The Federal Circuit disagreed, holding that the incremental value of a standard-essential patent (SEP) should be determined independently of manufacturer switching costs, whether or not the SEP was RAND-encumbered (slip op. at 17). Citing Ericsson, the Court reasoned that “damages awards for SEPs must be premised on methodologies that attempt to capture the asserted patent’s value resulting not from the value added by the standard’s widespread adoption, but only from the technology’s superiority” (id.) The Federal Circuit thus found that the District Court erred by failing to consider the extent to which the value of standardization may have impacted the calculated compensation range for the ‘069 patent, and remanded for further consideration of this issue.

Implications for RAND and Standards

The Federal Circuit’s analysis of the third factor in CSIRO is sensible, but does raise some interesting questions about standards and SEPs. In rejecting CSIRO’s argument that the royalty damages analysis should not be adjusted because the ‘069 patent was not RAND-encumbered, the Federal Circuit noted first that Ericsson distinguished between RAND-encumbered SEPs and SEPs generally (slip op. at 17). On this basis, the court reasoned that even though the ‘069 patent might not be encumbered by a RAND commitment, the court’s reasonable royalty analysis must take into account the fact that the patent was a SEP (and thus correct for excess compensation that could be extracted based on broad industry adoption of the standard).

If this is the case, then what is the difference in the royalty payable with respect to a RAND-encumbered SEP and the royalty payable with respect to an unencumbered SEP? The result in CSIRO suggests that there is no difference at all. In the case of RAND-encumbered SEPs, the patent holder agrees to charge a “reasonable royalty”, which the courts have calculated using a modified version of the Georgia-Pacific framework. But Section 284 of the Patent Act establishes a “reasonable royalty” as the baseline measure of damages for all patents. Accordingly, a similar reasonable royalty calculation, also using the Georgia-Pacific framework should be used for unencumbered SEPs. And, as held by the Federal Circuit in CSIRO, that calculation must avoid the inclusion of switching costs in the “reasonable” royalty.

In a recent paper, A Unified Framework for RAND and other Reasonable Royalties, 30 Berkeley Tech. L.J. 1447-1499 (2015), Richard Gilbert and I predict this result: namely, the convergence of reasonable royalty damages for RAND-encumbered and unencumbered patents. As we have written, and as the Federal Circuit has repeatedly confirmed, the appropriate measure of damages in patent cases, whether or not involving SEPs, is the incremental value of the patented invention to the product in which it is incorporated.

But if royalty rates for RAND-encumbered SEPs are no lower than royalty rates for unencumbered SEPs, then what is the point of making a RAND commitment? Does it have any effect at all? Professor Gilbert and I argue that RAND commitments are meaningful even without this royalty differential. Most importantly, a SEP holder that makes a RAND commitment severely limits its ability to obtain an injunction to prevent infringement by manufacturers of standardized products. Holders of unencumbered SEPs, on the other hand, have not committed to license their patents, and may not face the same hurdles to obtaining injunctive relief. Then, as predicted by Farrell, Lemley, Shapiro and others, they could use the leverage conferred by the threat of an injunction to extract a higher (unreasonable?) royalty from manufacturers of standardized products without having to resort to a judicial damages determination (which, as we have seen, will be limited to a “reasonable” royalty). This possibility has significant implications, particularly given the increasing acquisition and assertion of SEPs by patent assertion entities that do not make RAND commitments, a complex topic well beyond the scope of this note, but which I have written about here. For these and other reasons, RAND commitments, and the encouragement of RAND commitments by SSOs and market participants, will continue to play an important role in fostering standardization and innovation.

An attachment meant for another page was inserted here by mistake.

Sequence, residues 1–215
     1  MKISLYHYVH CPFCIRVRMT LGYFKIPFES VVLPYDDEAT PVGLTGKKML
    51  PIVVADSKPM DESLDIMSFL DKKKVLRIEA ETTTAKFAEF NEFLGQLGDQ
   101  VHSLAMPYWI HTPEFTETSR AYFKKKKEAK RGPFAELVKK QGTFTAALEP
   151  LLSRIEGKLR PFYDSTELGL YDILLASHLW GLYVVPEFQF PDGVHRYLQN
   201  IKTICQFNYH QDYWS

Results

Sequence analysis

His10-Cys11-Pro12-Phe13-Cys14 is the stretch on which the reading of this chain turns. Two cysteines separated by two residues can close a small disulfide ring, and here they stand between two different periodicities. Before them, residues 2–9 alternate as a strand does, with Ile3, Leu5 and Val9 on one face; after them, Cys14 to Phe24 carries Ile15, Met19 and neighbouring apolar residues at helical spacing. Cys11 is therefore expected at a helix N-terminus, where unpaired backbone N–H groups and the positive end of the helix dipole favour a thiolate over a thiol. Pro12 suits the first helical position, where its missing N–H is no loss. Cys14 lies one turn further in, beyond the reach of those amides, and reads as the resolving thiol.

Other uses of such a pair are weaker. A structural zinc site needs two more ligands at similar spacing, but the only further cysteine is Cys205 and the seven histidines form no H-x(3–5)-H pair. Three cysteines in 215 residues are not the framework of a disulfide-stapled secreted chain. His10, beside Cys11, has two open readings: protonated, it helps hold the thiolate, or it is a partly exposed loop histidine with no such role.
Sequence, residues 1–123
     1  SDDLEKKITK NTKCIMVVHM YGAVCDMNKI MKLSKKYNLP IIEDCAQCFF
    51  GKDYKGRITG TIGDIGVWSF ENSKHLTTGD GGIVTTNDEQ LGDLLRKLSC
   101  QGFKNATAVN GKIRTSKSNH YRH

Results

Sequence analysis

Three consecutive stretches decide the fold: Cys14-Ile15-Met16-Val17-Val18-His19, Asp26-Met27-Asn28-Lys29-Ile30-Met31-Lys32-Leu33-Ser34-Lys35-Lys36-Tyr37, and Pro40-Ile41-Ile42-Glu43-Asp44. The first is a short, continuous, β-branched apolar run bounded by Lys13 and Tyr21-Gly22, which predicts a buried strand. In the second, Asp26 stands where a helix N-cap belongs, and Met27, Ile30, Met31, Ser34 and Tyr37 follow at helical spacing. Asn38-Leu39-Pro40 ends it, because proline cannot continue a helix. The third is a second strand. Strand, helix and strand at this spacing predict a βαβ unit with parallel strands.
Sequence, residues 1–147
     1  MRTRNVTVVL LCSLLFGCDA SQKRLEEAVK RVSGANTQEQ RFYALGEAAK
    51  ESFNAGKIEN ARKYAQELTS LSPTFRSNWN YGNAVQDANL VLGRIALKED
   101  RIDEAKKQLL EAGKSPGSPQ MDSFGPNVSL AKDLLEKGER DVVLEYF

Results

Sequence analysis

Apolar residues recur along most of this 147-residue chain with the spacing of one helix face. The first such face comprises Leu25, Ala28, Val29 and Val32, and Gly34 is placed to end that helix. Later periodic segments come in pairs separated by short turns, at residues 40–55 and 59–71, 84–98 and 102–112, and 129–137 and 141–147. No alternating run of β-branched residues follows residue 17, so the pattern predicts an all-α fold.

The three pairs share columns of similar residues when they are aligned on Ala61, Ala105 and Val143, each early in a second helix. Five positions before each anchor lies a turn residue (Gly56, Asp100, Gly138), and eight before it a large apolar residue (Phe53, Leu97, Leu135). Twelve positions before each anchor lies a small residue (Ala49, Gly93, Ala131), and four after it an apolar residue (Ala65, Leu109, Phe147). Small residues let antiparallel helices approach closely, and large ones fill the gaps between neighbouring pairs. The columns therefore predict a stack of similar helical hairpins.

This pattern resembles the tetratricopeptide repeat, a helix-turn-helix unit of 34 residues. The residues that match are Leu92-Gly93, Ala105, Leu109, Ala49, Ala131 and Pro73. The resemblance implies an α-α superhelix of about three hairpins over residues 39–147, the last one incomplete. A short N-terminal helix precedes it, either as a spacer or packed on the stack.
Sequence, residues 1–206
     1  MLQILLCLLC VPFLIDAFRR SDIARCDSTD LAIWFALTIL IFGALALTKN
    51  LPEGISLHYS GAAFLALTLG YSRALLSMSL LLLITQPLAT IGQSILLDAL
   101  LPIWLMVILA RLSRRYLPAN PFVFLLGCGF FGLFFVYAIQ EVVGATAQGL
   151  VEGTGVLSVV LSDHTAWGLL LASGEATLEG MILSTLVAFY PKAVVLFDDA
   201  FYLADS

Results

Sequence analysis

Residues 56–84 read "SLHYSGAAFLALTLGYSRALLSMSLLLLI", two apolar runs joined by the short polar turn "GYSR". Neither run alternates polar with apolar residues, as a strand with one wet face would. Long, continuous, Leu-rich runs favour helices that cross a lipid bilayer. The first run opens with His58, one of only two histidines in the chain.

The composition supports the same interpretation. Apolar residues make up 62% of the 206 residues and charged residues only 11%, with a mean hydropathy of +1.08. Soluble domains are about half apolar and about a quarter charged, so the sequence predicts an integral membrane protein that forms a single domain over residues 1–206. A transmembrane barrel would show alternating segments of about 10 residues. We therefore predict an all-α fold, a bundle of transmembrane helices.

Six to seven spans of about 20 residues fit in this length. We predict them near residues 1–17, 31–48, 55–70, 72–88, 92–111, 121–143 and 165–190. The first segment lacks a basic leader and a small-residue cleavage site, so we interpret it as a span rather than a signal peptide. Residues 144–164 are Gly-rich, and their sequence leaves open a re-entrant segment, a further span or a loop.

5 thoughts on “Guest Post by Prof. Contreras – CSIRO v. Cisco: The Convergence of RAND and non-RAND Royalties for Standards-Essential Patents

  1. “[T]he appropriate measure of damages in patent cases, whether or not involving SEPs, is the incremental value of the patented invention to the product in which it is incorporated.”

    Damages? I think, rather, “reasonable royalty.”

    1. The appropriate measure is what the market will bear.

      Value is indeed subjective and without the ability of the full measure of what a patent IS (a negative right to exclude), the same of abuse of “efficient infringement” must be zealously guarded against.

      1. I do not know why the patent owner would have a standard essential patent without being part of the FRAND groups, but let us assume that one had a product on the market that was replaced by the product the subject matter of the FRAND obligation. I can see significant amounts of damage to the patent owner caused by the infringement of everybody in the FRAND group.

        1. Ned Heller,

          “I do not know why the patent owner would have a standard essential patent without being part of the FRAND groups.”

          That’s possible because may be the patent owner did not take part in any process of the standard draft, in other words, other companies contributed a similar technology to the SSO without any notice that the technology had already been patented by some one else.

        2. Isn’t the call for FRAND licensing based upon the equitable notion that if you participate in having the standard that all must meet, then you should not be permitted to “gouge” those who meet the standard by rigorously enforcing your patent?

          Assuming you agree with that premise, then if a patent is infringed by a product by complying with a standard and happens to be owned by somebody who had nothing to do with setting the standard free of those equitable restraints? Yes, that patent owner got lucky, but since when is getting lucky something to get criticized or penalized for?